“In 2005, I was invited to go and see all the thousands of people in Camp Ashraf with my wife. I had newly been married two months before, and I went to my old father and told him: ‘We are travelling to Baghdad’, and he was horrified, because he was at that point watching CNN every day and he saw almost every day it was blowing up something in Baghdad, a suicide bomber, terrorist attack, he couldn’t figure out, ‘why in the world are you going to Iraq, to Baghdad?’ So he was almost like crying when he heard it. But we felt very safe, we spent a little more than a week, maybe four or five days in Camp Ashraf, and we were overwhelmed by not only their hospitality, but I would say the love that we met. And my wife, she was so taken by the emotion she felt, all the love she felt, that she didn’t want to leave. So the evening before the last day she told me: ‘I want to stay here’. So she was newly married, but she said: ‘The love I experienced here is something I never experienced’.

“And they were teaching about love, they actually were teaching a lot of the New Testament and how – and also the principles of Jesus and also the thinking that God is love, which was new to many. So it was an interesting experience.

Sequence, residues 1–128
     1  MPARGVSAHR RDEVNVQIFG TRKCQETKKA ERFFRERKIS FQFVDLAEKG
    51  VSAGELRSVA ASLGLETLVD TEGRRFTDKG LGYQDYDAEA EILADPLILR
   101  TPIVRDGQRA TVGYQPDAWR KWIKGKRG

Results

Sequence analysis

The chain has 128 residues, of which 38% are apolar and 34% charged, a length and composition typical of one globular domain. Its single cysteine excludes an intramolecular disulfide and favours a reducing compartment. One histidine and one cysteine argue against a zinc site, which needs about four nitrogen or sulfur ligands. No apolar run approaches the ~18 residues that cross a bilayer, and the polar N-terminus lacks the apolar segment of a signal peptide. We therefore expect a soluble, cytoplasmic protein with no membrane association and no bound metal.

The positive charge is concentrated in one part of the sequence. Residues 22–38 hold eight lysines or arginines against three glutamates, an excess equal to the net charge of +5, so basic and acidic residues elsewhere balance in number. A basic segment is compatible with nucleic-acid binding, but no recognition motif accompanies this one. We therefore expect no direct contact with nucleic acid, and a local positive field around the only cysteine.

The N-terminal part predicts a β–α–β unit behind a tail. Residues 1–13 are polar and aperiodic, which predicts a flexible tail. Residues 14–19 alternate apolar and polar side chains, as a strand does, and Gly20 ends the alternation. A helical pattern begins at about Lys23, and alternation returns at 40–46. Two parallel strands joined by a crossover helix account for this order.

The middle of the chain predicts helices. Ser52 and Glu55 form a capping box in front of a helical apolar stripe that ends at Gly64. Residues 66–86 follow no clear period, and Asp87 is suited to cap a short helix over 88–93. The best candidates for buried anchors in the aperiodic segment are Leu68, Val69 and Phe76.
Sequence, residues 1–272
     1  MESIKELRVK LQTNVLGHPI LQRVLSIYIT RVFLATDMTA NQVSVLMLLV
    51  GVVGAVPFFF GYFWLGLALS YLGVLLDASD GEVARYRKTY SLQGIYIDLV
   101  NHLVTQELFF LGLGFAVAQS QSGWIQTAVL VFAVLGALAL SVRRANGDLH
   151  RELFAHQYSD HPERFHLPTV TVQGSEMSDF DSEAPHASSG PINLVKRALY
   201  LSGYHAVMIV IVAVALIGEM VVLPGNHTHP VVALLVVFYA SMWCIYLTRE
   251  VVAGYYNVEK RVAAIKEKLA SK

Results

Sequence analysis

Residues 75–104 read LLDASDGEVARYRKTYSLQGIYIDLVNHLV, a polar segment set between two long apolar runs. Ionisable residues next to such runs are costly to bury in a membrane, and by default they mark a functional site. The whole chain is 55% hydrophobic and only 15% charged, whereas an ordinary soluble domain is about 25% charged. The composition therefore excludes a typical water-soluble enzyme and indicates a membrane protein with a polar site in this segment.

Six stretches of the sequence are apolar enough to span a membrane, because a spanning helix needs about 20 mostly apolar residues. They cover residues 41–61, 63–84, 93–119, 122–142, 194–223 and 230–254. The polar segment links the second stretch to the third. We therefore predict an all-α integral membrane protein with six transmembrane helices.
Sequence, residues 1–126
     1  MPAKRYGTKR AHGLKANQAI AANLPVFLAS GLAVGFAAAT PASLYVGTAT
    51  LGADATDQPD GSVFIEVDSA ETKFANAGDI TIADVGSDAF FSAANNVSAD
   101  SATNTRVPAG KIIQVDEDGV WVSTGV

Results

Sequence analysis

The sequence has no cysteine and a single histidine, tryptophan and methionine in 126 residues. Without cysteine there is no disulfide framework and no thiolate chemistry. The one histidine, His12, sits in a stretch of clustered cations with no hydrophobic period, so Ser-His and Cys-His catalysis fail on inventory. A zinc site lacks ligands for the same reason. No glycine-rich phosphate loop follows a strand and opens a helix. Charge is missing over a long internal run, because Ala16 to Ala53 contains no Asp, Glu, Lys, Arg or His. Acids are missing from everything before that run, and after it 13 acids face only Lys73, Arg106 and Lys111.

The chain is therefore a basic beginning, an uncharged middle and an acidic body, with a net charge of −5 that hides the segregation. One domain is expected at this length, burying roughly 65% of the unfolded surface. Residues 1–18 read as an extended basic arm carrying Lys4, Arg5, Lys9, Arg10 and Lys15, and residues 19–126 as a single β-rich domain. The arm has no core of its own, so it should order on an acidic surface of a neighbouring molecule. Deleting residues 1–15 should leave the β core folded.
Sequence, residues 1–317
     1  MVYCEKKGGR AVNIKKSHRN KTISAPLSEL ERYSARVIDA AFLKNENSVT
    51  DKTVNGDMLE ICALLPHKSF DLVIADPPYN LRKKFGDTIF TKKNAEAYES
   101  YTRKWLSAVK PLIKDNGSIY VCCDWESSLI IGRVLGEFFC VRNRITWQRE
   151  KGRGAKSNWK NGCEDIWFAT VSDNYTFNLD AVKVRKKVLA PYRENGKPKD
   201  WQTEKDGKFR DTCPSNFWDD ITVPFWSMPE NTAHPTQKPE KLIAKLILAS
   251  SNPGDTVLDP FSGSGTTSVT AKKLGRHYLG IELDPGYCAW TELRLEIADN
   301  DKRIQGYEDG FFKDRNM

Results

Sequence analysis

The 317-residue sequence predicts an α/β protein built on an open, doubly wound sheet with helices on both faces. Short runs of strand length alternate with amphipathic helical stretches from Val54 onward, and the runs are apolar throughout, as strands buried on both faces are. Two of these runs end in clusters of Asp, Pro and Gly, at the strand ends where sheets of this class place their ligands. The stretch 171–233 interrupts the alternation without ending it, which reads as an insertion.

“I know that this is mainly a meeting about human rights, and Iran is one of the worst violators of human rights in the world today. Iran is the country that executed most persons per capita, there’s no other country executing more people, so Rouhani who has been portrayed as a liberal and soft politician, he seems to be more hard-line than even Ahmadinejad, the former President, at least when we look at numbers of executed people; and it is strange that a country with 53 per cent Farsi speaking and then you have the rest of the country are minorities, it’s actually a very large proportion of the population who are minorities, the biggest one is the Azeri, the people from Azerbaijan; you have the Kurds, and then you have smaller groups, and you have a multi-religious society as well, a large Christian minority, and Iran has of course signed on the International Convention on Human Rights.

“But they are the worst violators of international treaties, and the world has to stand up against that, but the West seems to have been paralysed by the thought of appeasement.